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Hydration for Athletes

Hydration is a very important area of the dietary needs of anyone undertaking exercise activities. It is important to get enough fluids before competition and training, but also it is important to re-hydrate after exercise to replace the fluid losses from exercise and to aid recovery.

Why drink

The body is composed of approximately 60% water, and an adequate amount of body water is essential for proper body function. The body keeps cool by sweating, though this results in the loss of body fluids and electrolytes. The amount of fluid lost depends not only on the environmental temperature but on the humidity as well. Although there are some electrolytes lost in sweat, particularly sodium and chloride, there is a much greater proportion of water lost. Therefore replacing the water is far more important than the replacement of electrolytes.

Affect on performance

A decrease of 2% of body weight is known to significantly decrease performance. For a 60 kg person, this equates to a loss of 1.2 kg. Greater levels of dehydration can potentially lead to health problems. Thirst is not a good indicator of when your body needs fluid. By the time you are thirsty, you probably have already lost more than 2% of your body weight.

Are You Dehydrated?

You should be aware of when you are dehydrated. Feeling thirsty is not a good indicator. See this article on methods for measuring hydration levels, which includes a link to this urine color test, a simple method to determine your hydration status by monitoring your urine color. See also the more scientific method to measure urine specific gravity using a refractometer, and other ways of testing sweat and hydration levels.

hydrating during a racehydrating during a cycling race

How much to drink

Most fluid is lost from the body through sweating. Fluid is also lost when you go to the toilet, and through the lungs. How do you know if you are drinking enough to replace these lost fluids? If you measure your body weight before and after training or before and after playing games, the difference between the two measures will tell you how much fluid you lost. Every 1 kg of body weight is equivalent to 1 liter of fluid. If you also take into account how much you drink, you can calculate how much fluid you lost through sweating, and how well you replaced this.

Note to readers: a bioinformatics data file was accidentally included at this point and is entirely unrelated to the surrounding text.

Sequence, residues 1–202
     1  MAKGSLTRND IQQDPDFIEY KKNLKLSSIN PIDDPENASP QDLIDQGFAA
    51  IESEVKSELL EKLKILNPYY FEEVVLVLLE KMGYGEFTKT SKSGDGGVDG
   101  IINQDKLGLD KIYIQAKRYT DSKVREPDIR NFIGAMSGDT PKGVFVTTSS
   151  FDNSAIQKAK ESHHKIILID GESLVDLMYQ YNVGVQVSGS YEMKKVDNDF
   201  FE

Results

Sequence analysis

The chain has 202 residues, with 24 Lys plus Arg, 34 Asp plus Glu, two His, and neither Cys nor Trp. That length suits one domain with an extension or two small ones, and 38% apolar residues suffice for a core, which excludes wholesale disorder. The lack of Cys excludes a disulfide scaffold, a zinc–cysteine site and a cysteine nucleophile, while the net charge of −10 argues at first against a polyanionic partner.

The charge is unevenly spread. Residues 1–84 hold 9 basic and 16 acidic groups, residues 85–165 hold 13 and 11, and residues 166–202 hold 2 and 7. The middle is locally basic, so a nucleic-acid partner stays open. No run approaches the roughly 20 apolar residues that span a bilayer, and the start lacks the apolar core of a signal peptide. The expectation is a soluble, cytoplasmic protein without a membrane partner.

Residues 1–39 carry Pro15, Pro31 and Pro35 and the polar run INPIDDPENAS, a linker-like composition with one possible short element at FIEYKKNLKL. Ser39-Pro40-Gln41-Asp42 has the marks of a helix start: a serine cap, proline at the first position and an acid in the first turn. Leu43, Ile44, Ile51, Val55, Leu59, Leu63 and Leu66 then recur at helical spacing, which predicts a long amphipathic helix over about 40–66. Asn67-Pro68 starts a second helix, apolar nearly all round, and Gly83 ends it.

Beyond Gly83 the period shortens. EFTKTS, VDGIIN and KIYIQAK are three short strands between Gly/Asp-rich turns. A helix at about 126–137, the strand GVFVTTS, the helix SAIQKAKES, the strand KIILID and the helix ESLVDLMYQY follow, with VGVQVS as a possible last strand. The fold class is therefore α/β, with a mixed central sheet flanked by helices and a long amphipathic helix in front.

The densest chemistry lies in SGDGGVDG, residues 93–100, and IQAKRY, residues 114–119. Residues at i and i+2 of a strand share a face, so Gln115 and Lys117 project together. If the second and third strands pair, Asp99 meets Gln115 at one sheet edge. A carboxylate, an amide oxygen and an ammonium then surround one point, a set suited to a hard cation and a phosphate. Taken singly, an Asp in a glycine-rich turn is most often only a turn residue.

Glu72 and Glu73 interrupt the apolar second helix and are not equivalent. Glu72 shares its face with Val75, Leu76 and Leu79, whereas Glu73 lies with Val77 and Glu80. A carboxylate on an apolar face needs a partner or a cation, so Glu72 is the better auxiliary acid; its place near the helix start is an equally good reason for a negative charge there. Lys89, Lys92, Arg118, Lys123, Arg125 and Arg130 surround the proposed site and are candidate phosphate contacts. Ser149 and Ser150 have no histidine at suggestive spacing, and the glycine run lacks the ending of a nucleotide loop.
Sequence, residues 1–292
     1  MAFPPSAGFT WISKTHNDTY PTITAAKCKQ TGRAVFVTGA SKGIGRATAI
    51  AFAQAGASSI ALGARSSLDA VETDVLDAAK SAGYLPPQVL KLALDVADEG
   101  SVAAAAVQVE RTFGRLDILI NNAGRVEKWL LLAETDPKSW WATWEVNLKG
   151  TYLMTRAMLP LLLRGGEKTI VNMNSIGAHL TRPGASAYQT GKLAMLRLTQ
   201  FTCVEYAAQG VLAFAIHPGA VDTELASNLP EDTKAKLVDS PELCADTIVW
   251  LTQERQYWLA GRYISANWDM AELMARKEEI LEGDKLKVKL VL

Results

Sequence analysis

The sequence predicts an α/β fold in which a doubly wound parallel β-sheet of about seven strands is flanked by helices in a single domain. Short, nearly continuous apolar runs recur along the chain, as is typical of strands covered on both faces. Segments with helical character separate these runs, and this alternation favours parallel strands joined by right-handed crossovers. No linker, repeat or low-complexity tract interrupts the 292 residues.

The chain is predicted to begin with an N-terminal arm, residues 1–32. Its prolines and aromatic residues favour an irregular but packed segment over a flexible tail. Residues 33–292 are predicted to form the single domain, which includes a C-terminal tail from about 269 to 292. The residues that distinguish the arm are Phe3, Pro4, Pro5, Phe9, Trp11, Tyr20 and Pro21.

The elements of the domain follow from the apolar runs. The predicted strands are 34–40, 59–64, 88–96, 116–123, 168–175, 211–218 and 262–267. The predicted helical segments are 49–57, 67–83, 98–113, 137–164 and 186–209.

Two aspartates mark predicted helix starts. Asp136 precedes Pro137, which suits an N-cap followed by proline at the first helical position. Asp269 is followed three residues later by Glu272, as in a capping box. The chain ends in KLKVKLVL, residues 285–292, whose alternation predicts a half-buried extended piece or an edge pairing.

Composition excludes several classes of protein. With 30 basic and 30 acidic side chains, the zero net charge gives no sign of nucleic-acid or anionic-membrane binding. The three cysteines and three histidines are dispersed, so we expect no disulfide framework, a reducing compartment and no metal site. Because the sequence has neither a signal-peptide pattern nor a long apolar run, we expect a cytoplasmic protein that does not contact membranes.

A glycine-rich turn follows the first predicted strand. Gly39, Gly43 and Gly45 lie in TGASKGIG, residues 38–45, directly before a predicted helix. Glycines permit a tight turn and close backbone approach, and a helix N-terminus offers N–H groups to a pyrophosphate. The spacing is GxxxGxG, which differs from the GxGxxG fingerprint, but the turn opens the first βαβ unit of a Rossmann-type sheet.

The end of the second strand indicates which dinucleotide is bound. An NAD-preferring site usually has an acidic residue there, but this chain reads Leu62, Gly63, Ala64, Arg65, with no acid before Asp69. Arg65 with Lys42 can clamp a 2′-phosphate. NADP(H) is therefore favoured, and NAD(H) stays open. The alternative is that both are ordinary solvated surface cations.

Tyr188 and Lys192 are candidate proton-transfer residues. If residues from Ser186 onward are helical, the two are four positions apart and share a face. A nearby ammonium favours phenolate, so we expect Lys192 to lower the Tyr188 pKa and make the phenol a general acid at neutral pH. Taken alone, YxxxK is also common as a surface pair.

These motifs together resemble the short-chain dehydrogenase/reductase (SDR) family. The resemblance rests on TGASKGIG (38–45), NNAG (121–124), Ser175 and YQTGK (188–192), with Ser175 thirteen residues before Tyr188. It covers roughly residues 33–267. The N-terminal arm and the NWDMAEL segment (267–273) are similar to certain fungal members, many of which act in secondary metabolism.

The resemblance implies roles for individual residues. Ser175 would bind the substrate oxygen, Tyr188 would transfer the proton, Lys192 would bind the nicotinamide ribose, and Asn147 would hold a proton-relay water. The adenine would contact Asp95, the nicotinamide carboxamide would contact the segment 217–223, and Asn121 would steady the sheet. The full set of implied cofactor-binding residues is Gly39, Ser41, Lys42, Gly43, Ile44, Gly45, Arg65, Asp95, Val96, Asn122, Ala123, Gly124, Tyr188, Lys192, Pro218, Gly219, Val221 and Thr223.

What to Drink, How Much and When

It is important to start exercise in a hydrated state, then replace fluids that are lost during and after exercise. Here are some articles on the topic of hydration in sports.

Hydration Guides

Types of Hydrating Fluids

The ideal replacement fluid consists mostly of water. The temperature of the fluid should be cool not warm, as this enables more rapid movement of the fluid out of the stomach. Cool water also helps to reduce body temperature. If a tournament is going to last for an extended period, try to take drinks regularly (every 15-20 minutes). Also, you should aim to be well hydrated prior to exercise (a couple of glasses of water 15-20 minutes prior to playing). Drinking coffee or other drinks containing caffeine is not recommended. Caffeine is a diuretic, which means it may cause the body to lose more fluid.

Sport Specific Hydration

Related Pages

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Athlete nutrition isn't just about weight loss. It is important to fuel the body optimally before, during and after exercise, as well as to stay hydrated. Supplements may also be required.

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